Walcha history: Luck of the draw for Orandumby Homestead

Orandumby Homestead in 1981: The homestead was built for John Fletcher in the 1860s.
Orandumby Homestead in 1981: The homestead was built for John Fletcher in the 1860s.

Brothers George and William Partridge, veterans of World War 1, gained adjacent soldier settlement blocks on the Port Stephens Road early in the 1920s.

These blocks were subdivided from Orandumby Station and became Miltiades and Orita respectively.

During 1946, the remaining 21,000-acre Orandumby Station was purchased from the ANZ Land Company for soldier settlement and divided into 14 blocks ranging from 1130 acres to 1987 acres.

... it appears that the hand that rocks the cradle still rules the world, as he chose the Orandumby block.”

These properties would be occupied on a perpetual lease at an annual rental of 2.5 per cent of assessed value, but with an option for future conversion to unrestricted freehold. The settler also had to pay for existing structural improvements, such as buildings, yards and fences.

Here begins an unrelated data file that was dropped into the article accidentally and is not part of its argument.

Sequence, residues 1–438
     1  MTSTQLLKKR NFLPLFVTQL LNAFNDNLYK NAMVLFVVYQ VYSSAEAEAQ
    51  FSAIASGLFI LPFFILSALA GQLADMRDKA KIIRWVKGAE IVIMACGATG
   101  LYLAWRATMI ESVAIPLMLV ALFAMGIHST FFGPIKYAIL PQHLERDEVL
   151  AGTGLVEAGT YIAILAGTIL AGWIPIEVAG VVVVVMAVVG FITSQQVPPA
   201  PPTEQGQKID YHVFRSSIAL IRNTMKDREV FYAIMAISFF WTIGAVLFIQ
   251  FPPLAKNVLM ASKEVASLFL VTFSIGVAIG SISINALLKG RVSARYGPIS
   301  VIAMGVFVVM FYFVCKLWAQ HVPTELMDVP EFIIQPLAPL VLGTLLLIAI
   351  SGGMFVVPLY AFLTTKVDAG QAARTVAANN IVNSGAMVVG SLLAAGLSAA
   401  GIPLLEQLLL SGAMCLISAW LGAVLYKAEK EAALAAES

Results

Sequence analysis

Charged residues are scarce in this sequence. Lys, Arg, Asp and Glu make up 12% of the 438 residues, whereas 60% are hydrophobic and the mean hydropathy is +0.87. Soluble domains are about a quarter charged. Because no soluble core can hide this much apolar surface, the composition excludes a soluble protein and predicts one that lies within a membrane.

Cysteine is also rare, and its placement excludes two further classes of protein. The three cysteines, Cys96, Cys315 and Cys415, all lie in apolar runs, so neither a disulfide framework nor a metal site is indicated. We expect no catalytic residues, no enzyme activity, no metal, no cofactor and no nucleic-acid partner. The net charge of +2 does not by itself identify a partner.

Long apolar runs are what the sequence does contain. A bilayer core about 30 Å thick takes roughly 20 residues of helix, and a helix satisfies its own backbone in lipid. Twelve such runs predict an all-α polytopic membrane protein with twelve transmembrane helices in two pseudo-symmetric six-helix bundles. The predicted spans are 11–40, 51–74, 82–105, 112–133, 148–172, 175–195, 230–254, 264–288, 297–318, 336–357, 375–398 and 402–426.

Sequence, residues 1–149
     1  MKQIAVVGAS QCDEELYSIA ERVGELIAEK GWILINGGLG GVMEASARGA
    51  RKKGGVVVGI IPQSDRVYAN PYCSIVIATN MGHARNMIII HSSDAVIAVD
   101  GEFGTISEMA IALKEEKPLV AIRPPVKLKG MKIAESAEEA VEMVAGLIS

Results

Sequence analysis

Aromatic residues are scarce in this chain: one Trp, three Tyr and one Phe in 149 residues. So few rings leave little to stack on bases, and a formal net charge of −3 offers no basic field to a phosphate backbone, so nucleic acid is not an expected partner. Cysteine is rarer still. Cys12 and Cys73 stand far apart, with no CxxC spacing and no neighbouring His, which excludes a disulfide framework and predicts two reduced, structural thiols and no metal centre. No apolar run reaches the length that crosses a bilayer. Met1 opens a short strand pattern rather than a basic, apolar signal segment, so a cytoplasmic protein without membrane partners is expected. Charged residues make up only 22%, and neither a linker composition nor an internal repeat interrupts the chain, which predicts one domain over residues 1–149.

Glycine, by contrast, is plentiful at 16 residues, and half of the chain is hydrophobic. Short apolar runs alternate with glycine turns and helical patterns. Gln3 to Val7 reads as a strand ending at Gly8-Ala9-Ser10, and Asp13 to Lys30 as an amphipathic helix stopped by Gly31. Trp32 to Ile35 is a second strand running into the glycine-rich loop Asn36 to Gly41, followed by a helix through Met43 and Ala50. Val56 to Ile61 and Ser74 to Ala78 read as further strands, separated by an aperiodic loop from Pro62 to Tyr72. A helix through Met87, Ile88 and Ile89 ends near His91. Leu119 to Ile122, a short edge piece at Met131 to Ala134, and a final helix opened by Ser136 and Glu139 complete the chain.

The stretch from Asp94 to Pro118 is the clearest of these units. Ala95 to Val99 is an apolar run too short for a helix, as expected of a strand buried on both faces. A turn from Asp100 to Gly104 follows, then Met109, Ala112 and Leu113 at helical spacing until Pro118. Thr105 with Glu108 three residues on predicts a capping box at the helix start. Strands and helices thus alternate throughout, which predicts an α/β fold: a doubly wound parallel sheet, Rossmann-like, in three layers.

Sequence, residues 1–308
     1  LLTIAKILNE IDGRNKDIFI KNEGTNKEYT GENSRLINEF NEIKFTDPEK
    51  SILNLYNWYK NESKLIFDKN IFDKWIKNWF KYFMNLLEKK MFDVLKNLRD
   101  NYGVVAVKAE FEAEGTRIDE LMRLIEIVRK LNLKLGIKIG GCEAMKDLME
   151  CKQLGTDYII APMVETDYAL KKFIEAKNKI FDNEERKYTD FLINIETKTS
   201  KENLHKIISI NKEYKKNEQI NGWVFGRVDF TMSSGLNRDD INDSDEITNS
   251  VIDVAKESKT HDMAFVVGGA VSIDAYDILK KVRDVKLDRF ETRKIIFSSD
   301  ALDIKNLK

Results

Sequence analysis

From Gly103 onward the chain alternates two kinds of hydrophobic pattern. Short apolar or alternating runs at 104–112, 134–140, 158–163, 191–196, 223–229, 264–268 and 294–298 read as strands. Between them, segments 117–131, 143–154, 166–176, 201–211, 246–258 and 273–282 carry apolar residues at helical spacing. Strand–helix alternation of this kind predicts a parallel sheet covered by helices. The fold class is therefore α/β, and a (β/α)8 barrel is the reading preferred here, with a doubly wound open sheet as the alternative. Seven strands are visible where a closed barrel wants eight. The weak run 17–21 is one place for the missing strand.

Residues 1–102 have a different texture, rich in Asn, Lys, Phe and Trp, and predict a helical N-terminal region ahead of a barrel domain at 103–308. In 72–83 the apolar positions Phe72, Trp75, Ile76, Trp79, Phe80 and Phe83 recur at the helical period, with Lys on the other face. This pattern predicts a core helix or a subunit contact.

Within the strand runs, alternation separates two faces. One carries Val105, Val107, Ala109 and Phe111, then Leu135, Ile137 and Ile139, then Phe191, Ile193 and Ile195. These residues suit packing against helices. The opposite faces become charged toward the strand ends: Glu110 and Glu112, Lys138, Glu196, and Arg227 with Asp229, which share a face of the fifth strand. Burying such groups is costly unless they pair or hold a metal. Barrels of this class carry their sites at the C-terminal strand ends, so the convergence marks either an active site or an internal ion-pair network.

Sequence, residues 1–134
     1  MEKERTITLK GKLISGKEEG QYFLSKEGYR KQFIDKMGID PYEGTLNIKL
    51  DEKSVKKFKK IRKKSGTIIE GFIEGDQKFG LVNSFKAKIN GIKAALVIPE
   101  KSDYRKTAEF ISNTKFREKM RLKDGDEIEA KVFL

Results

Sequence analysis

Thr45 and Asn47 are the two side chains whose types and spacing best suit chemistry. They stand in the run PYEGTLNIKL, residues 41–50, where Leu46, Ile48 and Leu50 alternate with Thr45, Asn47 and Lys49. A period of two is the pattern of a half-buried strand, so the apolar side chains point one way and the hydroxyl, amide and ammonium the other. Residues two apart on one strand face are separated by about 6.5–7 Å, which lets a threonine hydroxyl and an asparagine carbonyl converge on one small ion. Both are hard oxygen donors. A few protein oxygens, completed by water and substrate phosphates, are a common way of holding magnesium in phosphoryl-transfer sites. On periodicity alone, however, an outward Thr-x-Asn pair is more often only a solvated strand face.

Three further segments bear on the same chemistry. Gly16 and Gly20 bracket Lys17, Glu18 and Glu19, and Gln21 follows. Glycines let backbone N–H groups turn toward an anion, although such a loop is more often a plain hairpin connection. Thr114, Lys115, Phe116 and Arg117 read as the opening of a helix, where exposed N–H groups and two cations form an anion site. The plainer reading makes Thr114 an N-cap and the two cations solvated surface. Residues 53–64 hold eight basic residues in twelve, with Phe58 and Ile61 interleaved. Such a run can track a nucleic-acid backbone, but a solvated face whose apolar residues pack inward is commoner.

A living allowance was available for the first 12 months and finance was available for livestock, plant and improvements.

Applications from qualified ex-service men and women had to be lodged before April 11, 1947. Of the 1031 applications received, 802 were not considered to be of sufficient merit, with the remaining 229 put to a ballot held the Walcha Court House on April 18.

The 14 successful applicants were Robert Bishop, Russell Blaxland, Robert Bourke, Gordon Boydell, Mervyn Brazel (St Leonards Creek), Ted Brazel (Walcha Road), Alex Dunbar, Max Eipper, Elwyn Green (Walcha), Allan Griffin, Ernie McPhee (Glen Morrison), David McHattan, Daniel Shepherd and Robert Wisken.

Robert Bourke of North Bondi drew the 1670-acre homestead block and, as luck would have it, he also drew a 51,700-acre block at Wilcannia in a ballot held at Cobar some three weeks later.

The Barrier Miner of July 4, 1947, said: “The Lands Department officer believed the Wilcannia block to be better but the Orandumby block had a home on it and the other didn’t. Mr Bourke is a married man and it appears that the hand that rocks the cradle still rules the world, as he chose the Orandumby block.”

No doubt the Bourke family were astonished by the size and quality of their new Georgian style two-storey home at Orandumby with its Flemish bond brickwork, cedar joinery, dormer windows on the upstairs bedrooms and single storey wings at the rear of the building.

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